Exhibits and integrated programs will be focused on four core initiatives:

  • STEM Proficiency: Increase students’ and teachers’ proficiency in science, technology, engineering and math (STEM) to prepare students to successfully enter the workforce and become productive, problem-solving community members;
  • Environmental Stewardship: To create environmental stewards who conserve and protect our limited resources and put into practice the concepts of reduce, reuse, and recycle to become better champions for the environment;
  • Early Learning: Provide parents and guardians with knowledge and training to teach young children how to read, understand numbers and complex language, and achieve proficiency in school readiness skills;
  • Healthy Living: Educate families about the importance of nutrition and having an active lifestyle, while bringing awareness to health issues, such as diabetes and obesity.
Program Success Monitored By 

In some cases, the impact of exhibits have been evaluated by professional, third-party evaluators. In other cases, the evaluation may be as simple as asking visitors to complete an online survey developed by our staff. In all cases, the exhibits have accomplished their short-term goals to increase knowledge, and their long-term goals to impact attitudes and behaviors.

Examples of Program Success 

Discovery Cube has been designing, developing, installing and operating original permanent exhibits since 2003. Our latest exhibition area, “Eco-Challenge” (opened 2011), represents the most advanced exhibition to date. In June 2012, the Solid Waste Association of North America (SWANA) awarded a Silver Medal in Public Education to this exhibit. In a survey of visitors, 84% completed the game and of these, about 68% earned the coin – this goes to show that the game is challenging. Over 98% of children reported they learned something new. Conducted online months after their visit, families enthusiastically reported all the new actions they are taking to protect the environment as a result of what they learned in the exhibits.


CEO/Executive Director Mr. Joe Adams
CEO Term Start Feb 2003
CEO Email [email protected]
CEO Experience


CEO, Discovery Science Foundation 
President, Discovery Cube
2003 - Present

Joe Adams was appointed President of Discovery Cube in 2003. Known for his creativity, strategies and focus on operational excellence, Joe has grown the Center’s attendance by more than 160%, placing it in the top 25 science and technology centers in the U.S. He has diversified the organization by growing the educational outreach programs, which now rank in the top three in the nation.

Joe enjoys being creative and using his talents to educate and inspire children. He has created many “best in class” exhibits including Dino Quest, the Science of Hockey, the Boeing Rocket Lab and Discovery Cube’s newest permanent exhibit, Eco Challenge. During his tenure, Joe has significantly enhanced and expanded Discovery Cube's educational outreach programs.  Discovery Cube teachers now see over 220,000 students each year in their schools, making it the largest outreach program among science centers in California and third in the nation.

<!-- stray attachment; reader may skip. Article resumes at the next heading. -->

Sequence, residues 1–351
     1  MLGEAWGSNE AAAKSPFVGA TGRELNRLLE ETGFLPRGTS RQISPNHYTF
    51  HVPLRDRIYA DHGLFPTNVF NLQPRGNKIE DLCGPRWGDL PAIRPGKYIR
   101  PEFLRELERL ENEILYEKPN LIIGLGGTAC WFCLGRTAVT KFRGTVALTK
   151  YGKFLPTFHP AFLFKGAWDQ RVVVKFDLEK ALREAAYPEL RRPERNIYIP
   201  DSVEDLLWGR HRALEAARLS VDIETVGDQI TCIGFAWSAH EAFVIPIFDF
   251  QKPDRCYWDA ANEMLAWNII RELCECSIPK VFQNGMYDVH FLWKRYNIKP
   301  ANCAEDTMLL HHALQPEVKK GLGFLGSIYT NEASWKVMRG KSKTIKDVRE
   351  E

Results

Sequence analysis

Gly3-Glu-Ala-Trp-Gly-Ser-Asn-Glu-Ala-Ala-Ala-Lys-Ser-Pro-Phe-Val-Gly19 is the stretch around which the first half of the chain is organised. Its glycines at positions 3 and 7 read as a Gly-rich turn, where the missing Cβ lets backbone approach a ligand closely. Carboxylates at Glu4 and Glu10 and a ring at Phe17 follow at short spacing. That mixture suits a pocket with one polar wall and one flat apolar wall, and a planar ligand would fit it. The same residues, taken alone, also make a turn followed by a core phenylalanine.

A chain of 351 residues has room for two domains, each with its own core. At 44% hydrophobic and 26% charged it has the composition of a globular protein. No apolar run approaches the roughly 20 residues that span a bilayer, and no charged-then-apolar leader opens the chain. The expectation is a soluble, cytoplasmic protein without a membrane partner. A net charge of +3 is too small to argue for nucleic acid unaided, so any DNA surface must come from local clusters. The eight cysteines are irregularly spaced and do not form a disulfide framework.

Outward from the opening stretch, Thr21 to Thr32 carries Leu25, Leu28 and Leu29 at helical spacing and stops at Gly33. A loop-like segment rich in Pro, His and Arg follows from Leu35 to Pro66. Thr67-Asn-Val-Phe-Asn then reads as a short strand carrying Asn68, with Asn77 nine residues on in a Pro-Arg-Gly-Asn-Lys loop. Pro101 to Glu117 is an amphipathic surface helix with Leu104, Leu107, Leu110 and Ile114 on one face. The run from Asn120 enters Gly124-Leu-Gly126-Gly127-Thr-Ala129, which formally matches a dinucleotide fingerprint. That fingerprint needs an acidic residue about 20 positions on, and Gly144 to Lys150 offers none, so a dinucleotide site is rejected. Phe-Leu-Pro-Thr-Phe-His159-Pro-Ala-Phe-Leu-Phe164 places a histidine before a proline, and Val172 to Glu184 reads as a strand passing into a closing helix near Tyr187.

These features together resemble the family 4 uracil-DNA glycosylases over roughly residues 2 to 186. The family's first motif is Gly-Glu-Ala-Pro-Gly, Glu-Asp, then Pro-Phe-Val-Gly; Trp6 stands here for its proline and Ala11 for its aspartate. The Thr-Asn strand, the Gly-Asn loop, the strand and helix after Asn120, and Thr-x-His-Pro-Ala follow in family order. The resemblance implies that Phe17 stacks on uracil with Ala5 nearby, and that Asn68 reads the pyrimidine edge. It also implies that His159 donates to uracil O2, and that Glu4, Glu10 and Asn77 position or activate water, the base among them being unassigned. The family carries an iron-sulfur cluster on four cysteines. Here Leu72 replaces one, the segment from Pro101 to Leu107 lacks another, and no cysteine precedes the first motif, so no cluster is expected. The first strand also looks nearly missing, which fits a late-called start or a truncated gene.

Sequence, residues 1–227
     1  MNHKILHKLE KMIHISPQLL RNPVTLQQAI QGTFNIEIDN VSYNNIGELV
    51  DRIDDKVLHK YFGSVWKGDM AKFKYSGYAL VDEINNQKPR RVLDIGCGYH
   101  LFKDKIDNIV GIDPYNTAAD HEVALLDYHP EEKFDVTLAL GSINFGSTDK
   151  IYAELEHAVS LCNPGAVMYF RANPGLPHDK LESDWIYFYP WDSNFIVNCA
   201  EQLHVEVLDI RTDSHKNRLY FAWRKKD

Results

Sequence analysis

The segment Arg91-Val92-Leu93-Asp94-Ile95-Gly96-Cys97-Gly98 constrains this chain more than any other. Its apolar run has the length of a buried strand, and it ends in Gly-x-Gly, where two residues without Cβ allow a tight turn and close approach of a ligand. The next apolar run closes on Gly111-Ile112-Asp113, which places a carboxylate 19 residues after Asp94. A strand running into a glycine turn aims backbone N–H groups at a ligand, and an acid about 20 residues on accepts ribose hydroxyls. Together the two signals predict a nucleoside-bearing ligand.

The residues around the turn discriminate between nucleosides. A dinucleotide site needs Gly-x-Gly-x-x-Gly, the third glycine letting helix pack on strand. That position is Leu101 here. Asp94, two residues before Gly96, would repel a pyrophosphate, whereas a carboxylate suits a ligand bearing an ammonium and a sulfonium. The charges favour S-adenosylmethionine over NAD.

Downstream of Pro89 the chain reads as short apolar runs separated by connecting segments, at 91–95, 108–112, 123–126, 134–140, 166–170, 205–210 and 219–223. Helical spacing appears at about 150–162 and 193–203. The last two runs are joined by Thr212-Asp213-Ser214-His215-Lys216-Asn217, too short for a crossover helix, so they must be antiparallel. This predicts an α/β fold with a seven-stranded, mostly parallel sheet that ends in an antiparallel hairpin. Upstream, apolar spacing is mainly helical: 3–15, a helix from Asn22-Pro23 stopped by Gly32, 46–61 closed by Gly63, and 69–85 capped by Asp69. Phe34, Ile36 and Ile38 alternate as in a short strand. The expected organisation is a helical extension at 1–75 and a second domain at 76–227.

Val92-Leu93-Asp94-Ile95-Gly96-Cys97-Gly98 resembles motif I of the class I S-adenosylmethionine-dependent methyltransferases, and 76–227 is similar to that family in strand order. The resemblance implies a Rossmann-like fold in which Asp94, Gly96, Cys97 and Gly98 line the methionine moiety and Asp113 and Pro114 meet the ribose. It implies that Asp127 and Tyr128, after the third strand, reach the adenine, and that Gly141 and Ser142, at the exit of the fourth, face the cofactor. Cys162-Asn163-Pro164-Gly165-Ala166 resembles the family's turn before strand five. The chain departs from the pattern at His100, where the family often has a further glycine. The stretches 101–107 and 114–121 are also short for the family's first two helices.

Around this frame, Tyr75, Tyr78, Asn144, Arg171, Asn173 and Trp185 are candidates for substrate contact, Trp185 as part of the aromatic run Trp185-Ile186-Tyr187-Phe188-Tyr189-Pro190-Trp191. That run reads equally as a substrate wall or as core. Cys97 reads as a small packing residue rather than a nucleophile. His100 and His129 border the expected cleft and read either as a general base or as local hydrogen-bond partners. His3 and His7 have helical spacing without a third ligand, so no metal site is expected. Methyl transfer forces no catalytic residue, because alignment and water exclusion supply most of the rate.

Before joining Discovery Cube, Joe worked for the Walt Disney Company, building and generating theme parks. He was involved with the design and construction of several attractions, restaurants and shops throughout the Disneyland Resort.  Joe holds a Bachelor of Science in mechanical engineering with an energy concentration from the University of Notre Dame and a Master of Business Administration from the University of California, Irvine. Joe was born in San Diego, California, but considers San Antonio, Texas, his hometown. He now lives in Capistrano Beach with his wife Mechelle, daughter Lisa and son Jack.

Former CEOs and Terms

Name Start End
-- -- --

Senior Staff

Name Title Experience/Biography
Brie Griset Smith Chief Development Officer --
Jim Phillips Chief Financial Officer --
Kellee Preston Chief Operations Officer --
Tina Rolewicz VP of Education --


Award Awarding Organization Year
Excellence in Museum Education - Futuros Radiantes (Bright Futures) Program CA Dept of Education Superintendent's Office 2015
National Medal of Service Institute for Museum and Library Services 2013
Ten Most Trustworthy Brands in Orange County OC Metro & The Values Institute 2012
Best Museum (Non Art) OC Weekly 2011
Readers Choice for Best Kid's Museum Parenting OC 2011
Readers Choice Best Kid's Museum Parenting OC 2010
Best Museum OC Hotlist 2009
Readers Choice Best Kid's Museum Parenting OC 2009
Best Museum OC Hotlist 2008
Nation's Best Science Centers, Top Twenty Parenting Magazine 2008


Affiliation Year
-- --

External Assessments and Accreditations

External Assessment or Accreditation Year
-- --



  • California State University, Fullerton (CSUF)
  • California State University, Long Beach (CSULB)
  • California State University, Northridge (CSUN)
  • University of California, Irvine (UCI)
  • Chapman University
  • University of Notre Dame

Water/Environmental Education:

Discovery Cube has teamed with the following agencies. In all cases, we develop the curriculum, educational materials, book the assemblies/classroom laboratories, market the programs, evaluate and report on the results.

  • Municipal Water District of Orange County (MWDOC)
  • Irvine Ranch Water District (IRWD)
  • Golden State Water Company
  • County of Orange, Watershed and Coastal Resources Division
  • West Basin Municipal Water District
  • Upper San Gabriel Valley Municipal Water District
  • Orange County Waste & Recycling
  • Irvine Ranch Conservancy
  • Mission San Juan Capistrano
  • Santa Ana Zoo

Afterschool Programs for Youth:

  • THINK Together
  • Santa Ana Unified School District
  • Boys & Girls Club
  • Tiger Woods Learning Center

Staff Information

Number of Full Time Staff 88
Number of Part Time Staff 104
Number of Volunteers 271
Number of Contract Staff 0
Staff Retention Rate % --
Staff Professional Development Yes

Staff Demographics

Ethnicity African American/Black: 5
Asian American/Pacific Islander: 14
Caucasian: 69
Hispanic/Latino: 59
Native American/American Indian: 1
Other: 14